Congratulations to all of the students who will be soon enrolling in graduate school. All of the hard work, preparation and planning has paid off and it's about time to participate in orientation, register for the upcoming term and head to that first class.
The transition to graduate school will prove challenging at times. The workload will be heavy. You will have to juggle class assignments, general program requirements, family obligations and your financial responsibilities.
But setting priorities early and keeping calm can help you ensure a successful and personally fulfilling graduate student experience.
[Learn about major differences between college and graduate school.]
Above all, keep your cool and allow yourself time to adjust to a new routine. Graduate school is a major life change, and even good changes carry certain levels of stress.
Some graduate students move to a new city with very few, if any, friends. Some leave full-time jobs, change living situations or dramatically alter financial status. Additionally, there are the new responsibilities of academic work. It is a lot to handle, and in the beginning it could be a bit rocky.
When I started my master's program, I had been out of college for two years, was a newlywed and was moving away from my home, family, friends and job all at the same time.
I took a job filling orders in a nearby warehouse while my wife worked as a secretary. We had one car, and at the beginning our work schedules overlapped to the point that I had to walk a mile to pick up the car when I finished my shift.
It was overwhelming, and for several months I felt displaced and disoriented. I gradually adjusted to my new home, institution and job. But the transition probably would have been a bit smoother if I had relaxed a bit more and gone with the flow.
[Prepare yourself for graduate school orientation.]
Seven years later, when I started my doctoral program, I had been out of graduate school for five years. I was taking classes on the quarter system for the first time, which has three academic terms per year, rather than the semester system I was used to.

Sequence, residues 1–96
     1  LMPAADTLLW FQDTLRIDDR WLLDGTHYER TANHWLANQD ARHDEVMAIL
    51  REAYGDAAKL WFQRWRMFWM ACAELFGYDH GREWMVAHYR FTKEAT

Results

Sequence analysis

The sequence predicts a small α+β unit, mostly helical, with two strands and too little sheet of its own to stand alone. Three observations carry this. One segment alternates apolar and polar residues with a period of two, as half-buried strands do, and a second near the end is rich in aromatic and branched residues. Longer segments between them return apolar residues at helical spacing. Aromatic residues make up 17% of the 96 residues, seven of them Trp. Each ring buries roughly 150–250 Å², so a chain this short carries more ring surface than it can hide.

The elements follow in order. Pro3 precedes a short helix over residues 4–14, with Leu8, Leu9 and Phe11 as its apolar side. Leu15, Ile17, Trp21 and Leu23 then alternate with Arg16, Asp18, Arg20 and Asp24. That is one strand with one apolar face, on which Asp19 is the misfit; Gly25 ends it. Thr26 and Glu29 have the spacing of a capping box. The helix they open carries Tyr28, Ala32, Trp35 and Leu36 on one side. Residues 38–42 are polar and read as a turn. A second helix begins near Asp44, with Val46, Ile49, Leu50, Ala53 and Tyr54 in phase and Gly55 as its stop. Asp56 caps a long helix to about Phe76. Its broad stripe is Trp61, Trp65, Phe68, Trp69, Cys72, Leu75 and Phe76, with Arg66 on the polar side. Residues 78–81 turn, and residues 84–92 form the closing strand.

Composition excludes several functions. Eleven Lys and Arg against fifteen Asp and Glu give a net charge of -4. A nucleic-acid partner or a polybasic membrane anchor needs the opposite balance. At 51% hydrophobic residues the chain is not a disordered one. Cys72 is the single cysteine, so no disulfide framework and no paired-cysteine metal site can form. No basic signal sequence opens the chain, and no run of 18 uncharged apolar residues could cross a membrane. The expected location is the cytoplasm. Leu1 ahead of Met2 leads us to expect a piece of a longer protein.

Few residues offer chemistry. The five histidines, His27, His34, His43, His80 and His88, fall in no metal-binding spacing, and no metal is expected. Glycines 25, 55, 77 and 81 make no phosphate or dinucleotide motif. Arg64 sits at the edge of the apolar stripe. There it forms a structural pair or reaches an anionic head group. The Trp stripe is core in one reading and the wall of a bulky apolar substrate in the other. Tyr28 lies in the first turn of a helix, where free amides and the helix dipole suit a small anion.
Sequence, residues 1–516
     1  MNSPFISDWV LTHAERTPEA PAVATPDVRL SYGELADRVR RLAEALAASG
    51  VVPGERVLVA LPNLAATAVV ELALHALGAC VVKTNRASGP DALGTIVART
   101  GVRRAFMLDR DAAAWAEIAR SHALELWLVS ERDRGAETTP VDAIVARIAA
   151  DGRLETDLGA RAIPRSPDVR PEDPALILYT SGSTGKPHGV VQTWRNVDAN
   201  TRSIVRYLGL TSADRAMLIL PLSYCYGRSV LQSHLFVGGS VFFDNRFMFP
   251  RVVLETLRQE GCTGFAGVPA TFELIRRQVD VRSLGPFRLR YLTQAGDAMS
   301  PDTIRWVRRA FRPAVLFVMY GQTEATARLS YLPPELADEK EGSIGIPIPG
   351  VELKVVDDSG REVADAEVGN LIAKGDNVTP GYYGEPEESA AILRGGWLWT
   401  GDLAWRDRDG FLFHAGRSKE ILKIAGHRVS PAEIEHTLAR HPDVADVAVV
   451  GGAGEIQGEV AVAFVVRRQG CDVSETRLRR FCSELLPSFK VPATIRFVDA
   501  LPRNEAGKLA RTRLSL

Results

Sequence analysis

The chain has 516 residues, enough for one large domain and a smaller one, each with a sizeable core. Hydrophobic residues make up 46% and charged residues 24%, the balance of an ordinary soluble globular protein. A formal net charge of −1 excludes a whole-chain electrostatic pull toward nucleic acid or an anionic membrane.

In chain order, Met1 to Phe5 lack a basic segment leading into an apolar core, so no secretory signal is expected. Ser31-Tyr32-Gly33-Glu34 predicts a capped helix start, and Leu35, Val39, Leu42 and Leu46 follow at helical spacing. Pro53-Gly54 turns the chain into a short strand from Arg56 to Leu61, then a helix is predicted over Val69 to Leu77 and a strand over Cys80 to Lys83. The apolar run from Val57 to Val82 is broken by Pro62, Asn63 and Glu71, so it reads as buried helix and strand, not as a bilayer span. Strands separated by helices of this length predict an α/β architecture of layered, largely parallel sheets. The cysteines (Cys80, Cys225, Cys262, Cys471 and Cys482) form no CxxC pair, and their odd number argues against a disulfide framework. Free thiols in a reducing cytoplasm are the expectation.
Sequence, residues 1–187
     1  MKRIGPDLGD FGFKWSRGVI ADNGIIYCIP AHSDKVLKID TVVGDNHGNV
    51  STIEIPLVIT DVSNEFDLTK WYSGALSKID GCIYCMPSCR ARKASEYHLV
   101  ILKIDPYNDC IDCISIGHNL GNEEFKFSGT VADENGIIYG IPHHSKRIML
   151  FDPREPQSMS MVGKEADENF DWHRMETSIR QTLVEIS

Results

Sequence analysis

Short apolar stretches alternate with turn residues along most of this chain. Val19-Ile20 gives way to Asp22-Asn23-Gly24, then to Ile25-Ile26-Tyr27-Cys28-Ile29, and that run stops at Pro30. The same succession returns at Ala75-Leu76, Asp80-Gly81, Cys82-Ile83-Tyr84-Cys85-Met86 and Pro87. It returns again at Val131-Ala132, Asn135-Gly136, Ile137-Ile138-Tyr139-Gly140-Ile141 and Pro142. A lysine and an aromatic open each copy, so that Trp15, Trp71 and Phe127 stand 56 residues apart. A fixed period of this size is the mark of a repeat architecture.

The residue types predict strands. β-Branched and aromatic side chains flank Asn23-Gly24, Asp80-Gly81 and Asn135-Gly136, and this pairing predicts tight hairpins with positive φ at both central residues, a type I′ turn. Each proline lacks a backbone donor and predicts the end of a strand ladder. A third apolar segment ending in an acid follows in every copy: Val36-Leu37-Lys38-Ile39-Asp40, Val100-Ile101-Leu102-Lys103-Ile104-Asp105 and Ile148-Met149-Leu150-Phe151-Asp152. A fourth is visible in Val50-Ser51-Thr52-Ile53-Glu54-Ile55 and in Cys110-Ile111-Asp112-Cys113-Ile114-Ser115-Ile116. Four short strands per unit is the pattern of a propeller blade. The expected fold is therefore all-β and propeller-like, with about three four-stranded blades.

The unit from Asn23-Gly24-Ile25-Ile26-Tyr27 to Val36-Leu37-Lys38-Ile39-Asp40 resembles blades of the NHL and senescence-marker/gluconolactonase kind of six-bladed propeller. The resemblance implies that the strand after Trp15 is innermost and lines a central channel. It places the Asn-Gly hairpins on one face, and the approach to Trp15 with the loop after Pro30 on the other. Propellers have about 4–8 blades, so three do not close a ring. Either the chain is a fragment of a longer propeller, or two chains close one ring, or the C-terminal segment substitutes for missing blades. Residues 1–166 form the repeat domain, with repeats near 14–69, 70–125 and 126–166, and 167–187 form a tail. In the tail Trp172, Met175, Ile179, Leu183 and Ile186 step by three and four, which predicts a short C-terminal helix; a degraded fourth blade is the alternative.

I had also recently left a good paying full-time job, and was working part-time again. Being older and having already earned one graduate degree definitely helped. I felt more relaxed and was able to adjust more smoothly and quickly.
Setting clear priorities will also help you manage your time spent in graduate school. This is your graduate degree, so determine what you want from the experience.
Some graduate students will spend time reading, studying and doing research. On the other end of the spectrum, some students may be pursuing a graduate degree more for pragmatic reasons, such as to bolster their resume, and may not focus solely on academics.
Budget your time by first asking yourself how much time you plan to spend on studying, socializing with your classmates and participating in extracurricular activities. If you have a spouse, partner or family, consider how you will ensure that those relationships remain strong. You will also likely want to allocate time for career exploration and networking.
It's important to reflect on your needs and learning style and answer these questions honestly. Only you can set these priorities.
Write down your answers to these questions, and then assign each one a percentage of your time each week. This will allow you to visualize how your time will be scheduled, and help you understand that you most likely cannot accomplish everything.
Setting these priorities is not a matter of a right or wrong, but about what you want to get out of the experience. Graduate study offers a chance to delve into issues, concepts and debates in ways you may never experience again.
[Find out how to make the most of graduate school advising.]
While social life is important and advancing your career is admirable, do not miss the opportunities that graduate study offers to grow intellectually. Take advantage of what your professors have to offer. In addition, some of your best learning opportunities and friendships will come from your relationships with student colleagues.
Before arriving at graduate school, determine your major priorities and goals. Think about what you hope to remember a year after you graduate, and what will make you feel that the experience was a success.